The challenges facing Ghana’s economy are creating turmoil on the labour front as workers demand an increase in remuneration.
Recent rapid increases in the price of commodities are fueling agitations from labour unions who are asking for a corresponding increase in salaries and other conditions of service.
This has led to a declaration of war by the Trades Union Congress (TUC) for a 19% increase in the minimum wage and about a 20% increase in salary for public sector workers.
“We are going to make sure that minimum wage for workers for this year should not be below inflation, and this would be extended to public sector workers as well, so there is a battle ahead of us, and I can see organised labour is ready to fight and we are going to do that,” declared Dr. Yaw Baah, Secretary-General of TUC last Thursday.
The declaration came ahead of the commencement of today’s meeting of the Tripartite Committee, made up of government, organized labour, and employers, which negotiates annual salary adjustment.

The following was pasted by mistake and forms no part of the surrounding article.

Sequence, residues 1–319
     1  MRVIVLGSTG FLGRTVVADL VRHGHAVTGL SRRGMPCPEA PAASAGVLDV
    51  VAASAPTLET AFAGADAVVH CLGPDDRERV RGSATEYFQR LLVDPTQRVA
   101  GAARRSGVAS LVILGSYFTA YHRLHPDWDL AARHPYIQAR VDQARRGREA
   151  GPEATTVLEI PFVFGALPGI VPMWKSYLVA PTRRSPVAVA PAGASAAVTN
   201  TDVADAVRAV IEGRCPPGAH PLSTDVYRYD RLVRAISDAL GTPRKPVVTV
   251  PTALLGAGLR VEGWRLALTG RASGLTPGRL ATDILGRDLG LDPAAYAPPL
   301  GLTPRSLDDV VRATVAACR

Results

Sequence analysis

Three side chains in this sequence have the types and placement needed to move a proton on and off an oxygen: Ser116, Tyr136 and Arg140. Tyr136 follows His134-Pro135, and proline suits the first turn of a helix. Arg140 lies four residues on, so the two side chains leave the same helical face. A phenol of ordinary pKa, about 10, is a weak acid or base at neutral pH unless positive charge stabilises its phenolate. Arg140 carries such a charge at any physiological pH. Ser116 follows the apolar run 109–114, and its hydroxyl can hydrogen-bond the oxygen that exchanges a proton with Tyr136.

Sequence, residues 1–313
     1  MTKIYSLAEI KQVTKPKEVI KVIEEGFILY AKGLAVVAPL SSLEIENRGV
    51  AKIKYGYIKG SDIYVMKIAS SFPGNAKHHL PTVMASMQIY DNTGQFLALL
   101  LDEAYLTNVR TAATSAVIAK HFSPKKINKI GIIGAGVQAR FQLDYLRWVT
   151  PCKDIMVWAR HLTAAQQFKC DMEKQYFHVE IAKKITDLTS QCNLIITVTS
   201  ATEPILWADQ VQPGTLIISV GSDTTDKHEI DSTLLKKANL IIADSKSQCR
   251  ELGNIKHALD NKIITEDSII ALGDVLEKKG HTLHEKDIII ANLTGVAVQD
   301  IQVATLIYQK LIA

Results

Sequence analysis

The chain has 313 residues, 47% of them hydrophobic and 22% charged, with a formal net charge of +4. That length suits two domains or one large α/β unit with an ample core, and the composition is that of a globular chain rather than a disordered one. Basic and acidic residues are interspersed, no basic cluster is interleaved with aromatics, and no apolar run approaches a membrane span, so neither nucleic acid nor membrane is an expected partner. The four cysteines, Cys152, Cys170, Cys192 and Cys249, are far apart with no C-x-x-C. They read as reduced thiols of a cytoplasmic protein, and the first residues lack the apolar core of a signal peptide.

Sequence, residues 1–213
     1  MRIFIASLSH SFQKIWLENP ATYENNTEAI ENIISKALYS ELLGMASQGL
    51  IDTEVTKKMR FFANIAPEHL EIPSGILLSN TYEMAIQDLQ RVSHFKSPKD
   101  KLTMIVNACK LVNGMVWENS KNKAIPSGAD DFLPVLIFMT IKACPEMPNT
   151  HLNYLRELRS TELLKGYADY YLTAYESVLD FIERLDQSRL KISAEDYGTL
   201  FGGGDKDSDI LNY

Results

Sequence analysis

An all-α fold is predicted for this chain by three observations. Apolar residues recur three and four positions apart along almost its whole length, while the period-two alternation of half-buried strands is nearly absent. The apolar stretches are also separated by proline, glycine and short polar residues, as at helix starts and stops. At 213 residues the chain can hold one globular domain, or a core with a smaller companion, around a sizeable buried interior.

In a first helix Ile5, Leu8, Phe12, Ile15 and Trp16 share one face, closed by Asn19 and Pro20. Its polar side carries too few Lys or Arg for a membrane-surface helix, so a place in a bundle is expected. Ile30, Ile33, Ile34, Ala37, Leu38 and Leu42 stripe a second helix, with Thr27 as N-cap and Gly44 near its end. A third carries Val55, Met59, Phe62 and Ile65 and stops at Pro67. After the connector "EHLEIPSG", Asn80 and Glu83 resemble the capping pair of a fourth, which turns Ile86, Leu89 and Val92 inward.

But the Ghana Employers Association has hinted that employers cannot afford a high pay increase due to the economic downturn that is affecting businesses.
According to the Chief Executive of the Association, Alex Frimpong, businesses would collapse if they are forced to pay higher salaries.
Similarly, Benjamin Arthur, Chief Executive of the Fair Wages and Salaries Commission has called for a sustainable pay increase and urged organised labour against holding an entrenched position in the negotiations.
But the TUC remains adamant, as its various units, including GNAT, NAGRAT and GMA appear resolute to push for a higher pay rise.
Meanwhile, members of the Civil and Local Government Staff Association of Ghana (CLOGSAG) are on strike as they lock horns with the government demanding the payment of a controversial Neutrality Allowance the government agreed to offer them.
In the midst of the agitations, labour management expert, Austin Gamey, has called for calm and urged all parties to negotiate the issues and their interests in good faith.